We did not define consumerism as the pursuit of “material goods as end in itself rather a means to achieve a value.” In the article, we clearly state that “consumerism denotes a ‘lens’ through which we look at the world, the idea that individual preference and choice are the defining and most important factors in all areas of life.” We are also clear to point out that consumption is not a bad thing in and of itself. As long our consumption is characterized by gratitude and responsibility (to one another, to ourselves, to the natural world) there is nothing wrong with it.
Re: individualism, the comment you’re reacting to was more of a colloquial passing remark meant only to demarcate it from the phenomenon which was the focus of the article. While I fully agree with you that people have a right to their own lives and ought to respect the lives of others, and that a peaceful society depends upon a recognition and protection of these rights, I do suspect that we disagree about the primacy of the individual. I think that we are accountable to God and others for the way that we live our lives (including the manner in which we consume, and to what ends). Individualism, as you’ve described it, might be a kind of minimal prerequisite for political stability, but it still seems to fall short of traditional Christian conceptions of what God intended for the world.
I think you’re right – the tendency in discourse about “isms” is that they stay at arms length. We tend to think of them as “things” which are something separate from us, when we’re all implicated, to varying degrees.
I think you’re right to question our definition of individualism. The way we defined it certainly wasn’t “technical.” (Part of that, of course, is that our mandate in the article was to begin to unpack what consumerism is and what a Christian is supposed to “do” with it.)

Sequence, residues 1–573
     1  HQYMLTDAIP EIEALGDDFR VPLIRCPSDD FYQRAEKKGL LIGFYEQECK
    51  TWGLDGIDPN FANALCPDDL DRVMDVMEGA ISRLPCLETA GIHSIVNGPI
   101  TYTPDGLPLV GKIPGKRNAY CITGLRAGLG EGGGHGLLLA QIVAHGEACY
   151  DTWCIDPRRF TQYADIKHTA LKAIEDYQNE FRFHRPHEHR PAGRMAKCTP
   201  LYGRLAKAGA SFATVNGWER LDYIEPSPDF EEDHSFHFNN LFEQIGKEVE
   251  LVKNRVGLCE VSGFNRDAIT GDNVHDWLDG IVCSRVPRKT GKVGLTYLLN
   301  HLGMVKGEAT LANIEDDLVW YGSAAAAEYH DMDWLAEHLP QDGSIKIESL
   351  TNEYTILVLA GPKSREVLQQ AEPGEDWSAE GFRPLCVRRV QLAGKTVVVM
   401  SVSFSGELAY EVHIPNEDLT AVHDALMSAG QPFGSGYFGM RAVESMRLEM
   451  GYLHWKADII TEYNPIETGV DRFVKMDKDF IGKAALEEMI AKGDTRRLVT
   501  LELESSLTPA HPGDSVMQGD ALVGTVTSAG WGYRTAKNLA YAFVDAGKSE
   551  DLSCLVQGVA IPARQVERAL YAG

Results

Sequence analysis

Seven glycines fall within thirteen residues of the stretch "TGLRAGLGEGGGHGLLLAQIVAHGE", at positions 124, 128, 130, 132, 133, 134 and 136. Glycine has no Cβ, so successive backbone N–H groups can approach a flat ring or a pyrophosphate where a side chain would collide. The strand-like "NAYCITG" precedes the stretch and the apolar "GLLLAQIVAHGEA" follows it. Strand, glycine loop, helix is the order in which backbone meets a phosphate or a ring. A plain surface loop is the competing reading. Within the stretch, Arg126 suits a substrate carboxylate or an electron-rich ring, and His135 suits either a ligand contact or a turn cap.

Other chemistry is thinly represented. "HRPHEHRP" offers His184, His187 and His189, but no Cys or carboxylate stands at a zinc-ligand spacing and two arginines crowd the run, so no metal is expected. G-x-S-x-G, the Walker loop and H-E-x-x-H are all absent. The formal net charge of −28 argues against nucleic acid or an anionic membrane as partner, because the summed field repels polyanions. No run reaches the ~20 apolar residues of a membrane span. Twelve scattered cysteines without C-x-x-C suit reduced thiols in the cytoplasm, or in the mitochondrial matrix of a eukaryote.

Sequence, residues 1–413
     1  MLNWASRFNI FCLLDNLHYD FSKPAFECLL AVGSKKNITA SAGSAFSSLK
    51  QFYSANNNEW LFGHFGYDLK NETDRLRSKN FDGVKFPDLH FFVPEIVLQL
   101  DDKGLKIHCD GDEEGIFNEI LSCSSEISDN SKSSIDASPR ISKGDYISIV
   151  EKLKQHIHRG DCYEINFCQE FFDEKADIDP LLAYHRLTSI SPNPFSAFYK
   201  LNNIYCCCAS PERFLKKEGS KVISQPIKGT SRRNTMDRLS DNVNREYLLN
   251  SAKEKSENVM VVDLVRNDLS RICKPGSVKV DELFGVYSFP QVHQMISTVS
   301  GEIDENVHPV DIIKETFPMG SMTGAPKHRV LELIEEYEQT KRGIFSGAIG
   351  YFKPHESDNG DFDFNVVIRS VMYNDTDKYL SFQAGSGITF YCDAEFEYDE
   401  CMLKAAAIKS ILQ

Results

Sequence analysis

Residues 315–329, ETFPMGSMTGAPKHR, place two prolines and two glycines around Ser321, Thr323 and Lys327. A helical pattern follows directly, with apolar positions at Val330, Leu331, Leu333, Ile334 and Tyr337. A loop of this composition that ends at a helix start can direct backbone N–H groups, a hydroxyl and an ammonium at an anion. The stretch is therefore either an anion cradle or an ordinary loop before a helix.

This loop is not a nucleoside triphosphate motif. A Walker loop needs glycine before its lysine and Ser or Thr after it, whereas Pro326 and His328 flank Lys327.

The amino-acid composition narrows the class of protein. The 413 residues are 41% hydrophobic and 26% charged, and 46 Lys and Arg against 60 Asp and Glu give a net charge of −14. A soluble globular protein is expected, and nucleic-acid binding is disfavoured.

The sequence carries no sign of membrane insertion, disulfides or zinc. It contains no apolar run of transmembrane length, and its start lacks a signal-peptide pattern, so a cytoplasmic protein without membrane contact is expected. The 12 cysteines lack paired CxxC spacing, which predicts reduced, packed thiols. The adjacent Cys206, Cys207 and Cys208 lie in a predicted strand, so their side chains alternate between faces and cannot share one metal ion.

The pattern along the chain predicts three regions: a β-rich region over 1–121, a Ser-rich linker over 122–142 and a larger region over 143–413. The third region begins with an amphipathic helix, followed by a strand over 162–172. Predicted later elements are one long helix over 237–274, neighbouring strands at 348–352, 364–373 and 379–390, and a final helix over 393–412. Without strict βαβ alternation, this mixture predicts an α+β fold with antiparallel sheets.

I also think that you pick up on exactly what we’re suggesting: that individualism can become “a reckless irrational attitude.” I agree that a more robust (healthier?) description of individualism should include the belief that “a person has a right to their own life and respects the right of others to their own lives,” and that an individualist “would understand that a peaceful society rests on the recognition and protection of these rights.” (Of course, I would want to hear a bit more about what is meant by some of those things, and what some of those things look like. Like Ryan, I might differ on some of the details.)
When it comes to consumerism as a “deceptive term,” one of the things we wanted to do was remind people that consumerism isn’t “all bad.” In fact, I agree that (to loosely quote you) “proper attempts” to “pursue material prosperity” are “legitimate.” The question, of course, is what those “proper attempts” are, and we make a few suggestions as to how we might, from a Christian perspective, determine what in fact are “proper attempts.”
One of the things we’re critical of (in a gentle way) is exactly that tendency to “mis-define” consumerism. I think you’re right to suggest that consumerism “is used to define an ideology that considers material goods as end in itself rather a means to achieve a value.” It’s also wrongly defined in other ways.
So will we see a letter from you printed in the next MB Herald?
You probably wont be seeing any letters from me in the MB Herald. That elitist magazine snubbed me when I used to belong to that denomination. I paid my tithe like everyone else and they never sent me one copy. I was always a Bibel and Flug guy anyway.